The Study of Man: Will Births Outstrip Mankind's Resources?
Almost forty years ago an agricultural economist, George F. Warren, wrote: “The questions whether our soil is exhausted and how we are to be fed in the future, are constantly being discussed in newspapers and magazines.” This ought to remind us that the modern food-versus-population controversy is not simply a product of post-World War II pessimism. It has been around for à long time. But it has been percolating with exceptional vigor ever since William Vogt’s Road to Survival and Fairfield Osborn’s Our Plundered Planet reopened the dispute four years ago. Thus, a dispatch from Rome tells us that even Pope Pius’s recent statement affirming the opposition of the Church to birth control was made only after a careful study of the population-versus food question.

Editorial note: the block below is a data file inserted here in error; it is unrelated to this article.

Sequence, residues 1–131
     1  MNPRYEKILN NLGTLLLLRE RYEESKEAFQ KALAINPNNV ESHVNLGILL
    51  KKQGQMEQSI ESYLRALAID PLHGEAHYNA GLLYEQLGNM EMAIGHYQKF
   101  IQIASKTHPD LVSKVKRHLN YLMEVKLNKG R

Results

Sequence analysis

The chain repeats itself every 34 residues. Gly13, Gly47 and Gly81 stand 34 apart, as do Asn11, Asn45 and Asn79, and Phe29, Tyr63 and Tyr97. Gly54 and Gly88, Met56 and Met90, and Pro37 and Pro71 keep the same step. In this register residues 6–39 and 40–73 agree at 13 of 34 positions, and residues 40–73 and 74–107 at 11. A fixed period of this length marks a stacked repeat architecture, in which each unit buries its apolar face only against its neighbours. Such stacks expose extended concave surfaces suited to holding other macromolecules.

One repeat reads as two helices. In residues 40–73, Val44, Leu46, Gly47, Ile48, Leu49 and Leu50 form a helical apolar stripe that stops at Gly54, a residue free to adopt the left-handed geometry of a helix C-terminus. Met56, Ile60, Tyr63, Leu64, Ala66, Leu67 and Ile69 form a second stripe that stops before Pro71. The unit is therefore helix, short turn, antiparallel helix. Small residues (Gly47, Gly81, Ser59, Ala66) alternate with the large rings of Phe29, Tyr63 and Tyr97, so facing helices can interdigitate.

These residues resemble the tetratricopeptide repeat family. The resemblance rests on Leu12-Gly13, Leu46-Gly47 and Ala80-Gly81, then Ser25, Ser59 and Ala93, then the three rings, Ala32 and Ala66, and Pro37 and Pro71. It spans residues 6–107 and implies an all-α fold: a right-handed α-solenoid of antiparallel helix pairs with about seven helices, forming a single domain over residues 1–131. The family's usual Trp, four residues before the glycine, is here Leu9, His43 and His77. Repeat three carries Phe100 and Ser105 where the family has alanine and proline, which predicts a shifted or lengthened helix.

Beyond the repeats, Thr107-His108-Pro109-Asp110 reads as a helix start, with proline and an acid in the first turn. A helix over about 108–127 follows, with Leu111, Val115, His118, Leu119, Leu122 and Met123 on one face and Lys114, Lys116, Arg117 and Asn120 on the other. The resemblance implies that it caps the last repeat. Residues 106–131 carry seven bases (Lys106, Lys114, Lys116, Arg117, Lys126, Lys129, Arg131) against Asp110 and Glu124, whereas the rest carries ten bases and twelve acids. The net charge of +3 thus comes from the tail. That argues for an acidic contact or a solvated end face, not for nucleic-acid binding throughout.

In the days before I. B. M. machines it was possible for any reasonably intelligent man to get into the middle of a discussion like this and take his stand; the facts, being unavailable, played a minor role in shaping opinion. Today, in the age of science, any argument not buttressed by a maze of figures is considered suspect. But where, as in the present case, both sides to a dispute can assemble an equally impressive stack of charts, tables, and diagrams, the statistics may merely bury the argument without settling it.
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